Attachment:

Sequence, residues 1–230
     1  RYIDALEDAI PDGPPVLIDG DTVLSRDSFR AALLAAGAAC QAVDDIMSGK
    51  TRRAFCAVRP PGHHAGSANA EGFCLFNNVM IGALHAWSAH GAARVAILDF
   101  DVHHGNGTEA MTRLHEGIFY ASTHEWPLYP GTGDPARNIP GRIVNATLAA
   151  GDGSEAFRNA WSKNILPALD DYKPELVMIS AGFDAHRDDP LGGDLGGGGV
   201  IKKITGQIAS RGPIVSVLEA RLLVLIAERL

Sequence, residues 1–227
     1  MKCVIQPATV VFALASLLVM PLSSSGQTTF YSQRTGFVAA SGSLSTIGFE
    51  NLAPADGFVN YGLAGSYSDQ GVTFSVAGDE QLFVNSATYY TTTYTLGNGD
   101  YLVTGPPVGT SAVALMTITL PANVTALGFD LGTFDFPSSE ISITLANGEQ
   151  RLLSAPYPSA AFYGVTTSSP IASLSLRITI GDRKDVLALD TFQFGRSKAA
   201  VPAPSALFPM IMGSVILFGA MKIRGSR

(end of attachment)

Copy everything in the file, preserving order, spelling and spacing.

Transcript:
Sequence, residues 1–230
     1  RYIDALEDAI PDGPPVLIDG DTVLSRDSFR AALLAAGAAC QAVDDIMSGK
    51  TRRAFCAVRP PGHHAGSANA EGFCLFNNVM IGALHAWSAH GAARVAILDF
   101  DVHHGNGTEA MTRLHEGIFY ASTHEWPLYP GTGDPARNIP GRIVNATLAA
   151  GDGSEAFRNA WSKNILPALD DYKPELVMIS AGFDAHRDDP LGGDLGGGGV
   201  IKKITGQIAS RGPIVSVLEA RLLVLIAERL

Sequence, residues 1–227
     1  MKCVIQPATV VFALASLLVM PLSSSGQTTF YSQRTGFVAA SGSLSTIGFE
    51  NLAPADGFVN YGLAGSYSDQ GVTFSVAGDE QLFVNSATYY TTTYTLGNGD
   101  YLVTGPPVGT SAVALMTITL PANVTALGFD LGTFDFPSSE ISITLANGEQ
   151  RLLSAPYPSA AFYGVTTSSP IASLSLRITI GDRKDVLALD TFQFGRSKAA
   201  VPAPSALFPM IMGSVILFGA MKIRGSR